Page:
IT IS an idea which has proved popular in densely populated urban capitals like Tokyo, where city dwellers live in cramped flats with no space for a pet.
Now plans are under way for Scotland to get its first Cat Café – a place where people without pets of their own can get a taste of feline companionship, along with a cup of tea and slice of cake.
The Edinburgh café – the brainchild of sisters Ania and Marta Tajsiak – aims to resemble a cosy living room with a number of cats strolling around to be stroked by customers who want to be close to animals but cannot have their own.
It will also act as a matchmaking site for people who are looking to take on a rescue cat. The Edinburgh Dog and Cat Home will provide the animals to the café, which will act as a temporary foster home.
“We first heard about this happening in Japan a few years ago and thought it was a great idea,” said Ania. “At the time, we couldn’t have cats of our own as we lived in a small flat so we would have loved there to be something like this. Now, there are cat cafés in Moscow, Poland and Budapest and they have all been really popular, booked for months in advance.”
Cat cafés have proved to be sell-outs overseas with long waiting lists for tables.
“We couldn’t believe how well they had done, so thought ‘why not open one here?’ said Ania, who is from Poland.
“I used to work in a café for years, so I’m used to how they run.
“People who would like to adopt a cat, but are maybe not sure, or feel put off my going to one of the shelters, can get to know our cats in relaxed surroundings.
“Even if they do not decide to adopt one of them – though they will all be available for adoption – it might make them feel comfortable to take on a pet.”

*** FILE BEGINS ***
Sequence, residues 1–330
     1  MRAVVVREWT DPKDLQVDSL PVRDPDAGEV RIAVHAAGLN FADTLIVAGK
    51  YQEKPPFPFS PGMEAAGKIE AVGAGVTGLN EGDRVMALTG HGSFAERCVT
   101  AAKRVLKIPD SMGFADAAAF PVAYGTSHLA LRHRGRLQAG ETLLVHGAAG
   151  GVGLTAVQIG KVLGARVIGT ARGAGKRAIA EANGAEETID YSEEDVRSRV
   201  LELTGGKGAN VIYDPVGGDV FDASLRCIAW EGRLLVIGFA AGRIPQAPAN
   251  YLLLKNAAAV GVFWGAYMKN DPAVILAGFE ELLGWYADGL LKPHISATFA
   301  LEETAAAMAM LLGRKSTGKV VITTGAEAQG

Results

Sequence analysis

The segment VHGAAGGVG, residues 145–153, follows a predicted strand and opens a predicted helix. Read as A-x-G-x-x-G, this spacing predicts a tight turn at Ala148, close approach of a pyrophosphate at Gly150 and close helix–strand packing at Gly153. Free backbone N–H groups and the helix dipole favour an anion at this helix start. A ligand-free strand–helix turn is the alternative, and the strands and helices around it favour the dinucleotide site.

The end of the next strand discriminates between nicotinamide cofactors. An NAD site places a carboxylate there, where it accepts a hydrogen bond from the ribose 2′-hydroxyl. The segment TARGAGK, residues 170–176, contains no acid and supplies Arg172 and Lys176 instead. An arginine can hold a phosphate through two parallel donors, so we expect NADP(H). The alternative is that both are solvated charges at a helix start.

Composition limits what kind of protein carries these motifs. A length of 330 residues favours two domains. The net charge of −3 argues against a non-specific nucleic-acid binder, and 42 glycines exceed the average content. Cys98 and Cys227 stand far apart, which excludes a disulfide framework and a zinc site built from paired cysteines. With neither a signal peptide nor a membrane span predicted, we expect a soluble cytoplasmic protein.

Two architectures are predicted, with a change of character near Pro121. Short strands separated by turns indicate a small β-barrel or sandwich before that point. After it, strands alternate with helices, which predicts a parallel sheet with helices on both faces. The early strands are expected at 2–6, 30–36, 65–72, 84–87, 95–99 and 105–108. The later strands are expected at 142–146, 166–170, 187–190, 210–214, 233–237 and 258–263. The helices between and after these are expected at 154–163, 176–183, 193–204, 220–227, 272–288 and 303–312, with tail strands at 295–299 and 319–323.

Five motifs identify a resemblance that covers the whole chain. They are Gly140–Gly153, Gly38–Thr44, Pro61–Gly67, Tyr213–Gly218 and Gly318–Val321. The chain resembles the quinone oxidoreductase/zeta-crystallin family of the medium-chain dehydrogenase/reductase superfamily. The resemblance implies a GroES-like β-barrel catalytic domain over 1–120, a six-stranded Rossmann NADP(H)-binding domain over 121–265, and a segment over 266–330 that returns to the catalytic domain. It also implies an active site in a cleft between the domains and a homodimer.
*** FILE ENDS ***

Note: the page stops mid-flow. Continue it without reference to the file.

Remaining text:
The café will include a large area for customers – where food will be delivered complete with a cake guard to keep treats safe from greedy felines – and a kitchen, where the cats will not be allowed.
It will also have a separate area for cats to sleep – and for when they need some “quiet time”, away from customers.
The pair, who studied psychology and now work with people with additional learning needs, have already received the blessing of the Food Standards Agency in Scotland and are now searching for premises for their venture, which they hope will be in the south of Edinburgh.
Crowdfunding for the project opened last week on Indiegogo and has already attracted more than £1,000 of the £30,000 it needs to open.
Options on offer on the crowdfunding site range from a £500 “cat patron” package, – which pays for the costs of a cat for a year – to a £5 “catfeine fix”, which entitles the backer to a hot drink at the café when it opens. Other funding options include the chance to hang a picture of your own cat on the café wall – for £10.